TestNG, part 2

Since migrating from JUnit 3, TestNG has been wonderful. Groups are the killer feature of TestNG that really make it worth the migration cost. When wanting to test a single method, I no longer need to manually comment or uncomment method names in the suite() method, I can just add a new group and run it from the command-line (well, from Ant. see below). Annotation-based test methods are much nicer, and have a much lower risk of accidentally being left out of the suite.

Just a few caveats before I show the Ant/TestNG setup we're currently using.

  • Merely moving to a new framework exposed several unintended test dependencies, so tests then failed because they ran after other tests. With the suite method, they always ran in the same order, so these dependencies were never found. None of ours were important, but there could have been ones that masked bugs.
  • Only void methods with names starting with "test" are annotated with @Test. This may seem obvious, but we had a few tests written by a developer auxiliary to our main team who had written a few tests that weren't prefixed properly, but ran because they were in the suite method. The JUnitConverter class should probably try and parse the suite method to find problems like this (Maybe I'll to a patch for this).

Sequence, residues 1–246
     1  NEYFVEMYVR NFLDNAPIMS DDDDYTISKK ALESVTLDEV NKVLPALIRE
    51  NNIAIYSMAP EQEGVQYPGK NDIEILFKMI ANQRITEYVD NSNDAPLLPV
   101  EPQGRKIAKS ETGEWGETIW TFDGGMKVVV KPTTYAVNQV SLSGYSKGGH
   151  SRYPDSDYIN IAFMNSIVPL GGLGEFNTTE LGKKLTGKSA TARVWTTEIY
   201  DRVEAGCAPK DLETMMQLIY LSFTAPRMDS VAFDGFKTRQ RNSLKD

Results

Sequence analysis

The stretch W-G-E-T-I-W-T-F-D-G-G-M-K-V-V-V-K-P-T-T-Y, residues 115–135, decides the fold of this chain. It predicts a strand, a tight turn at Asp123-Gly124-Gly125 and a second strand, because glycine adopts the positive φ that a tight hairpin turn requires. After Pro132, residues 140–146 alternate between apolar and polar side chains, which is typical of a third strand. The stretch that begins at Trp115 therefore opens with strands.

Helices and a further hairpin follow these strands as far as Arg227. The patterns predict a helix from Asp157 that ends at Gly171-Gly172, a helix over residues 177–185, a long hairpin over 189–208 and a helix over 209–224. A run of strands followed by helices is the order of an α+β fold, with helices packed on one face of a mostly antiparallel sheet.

• Only void returning methods annotated with @Test are run. Having a test method return a value doesn't generally make sense (it didn't in this case, either), but it may be difficult to understand if you test isn't running even though it's annotated.

Okay, so now onto the good stuff– our Ant/TestNG configuration. In these examples, I've replaced the name of my actual project with "foobar", and the prefix "sdk" indicates that it's the SDK part of the project.

First, in our common.xml file that is imported by all of our individual build.xml files, I added these lines, to define the location of the jar, add it to the common classpath, define the Ant task, and define the location for the reports to go ($twork is set to a temporary directory for the build):

<property name="testng.jar" value="${test.src.dir}/lib/testng-5.7-jdk15.jar" /
>

<path id="foobar.common.class.path">
  ....
  <pathelement location="${test.src.dir}/lib/testng-5.7-jdk15.jar"/>
  ....
</path>

    <taskdef name="testng" classpathref="foobar.common.class.path"
          classname="org.testng.TestNGAntTask" />

    <property name="testng.report.dir" value="${twork}/testng-report" />

Then in the build.xml for the specific tests, I added these targets. To clean, I added a target to delete old results:

    <target name="clean">
        <delete failonerror="false" quiet="false" includeemptydirs="true">
            <fileset dir="${testng.report.dir}" includes="**/*"/>
        </delete>
    </target>

Then I added a couple of targest to either produce a single "suc" (success) or "dif" (failure) file based on the results of the run (these files are used by the continuous build system to report the results of running the tests on a new build).

UPDATE:See this post for an updated version of the following targets.

    <target name="process-results" depends="copy-failure, copy-success" />

    <target name="copy-failure" if="has.failure">
        <copy file="${testng.report.dir}/testng-failed.xml"
                tofile="${T_WORK}/foobar.sdk.${infix}.dif"
                failonerror="false" overwrite="true" />
    </target>

    <target name="copy-success" if="has.success">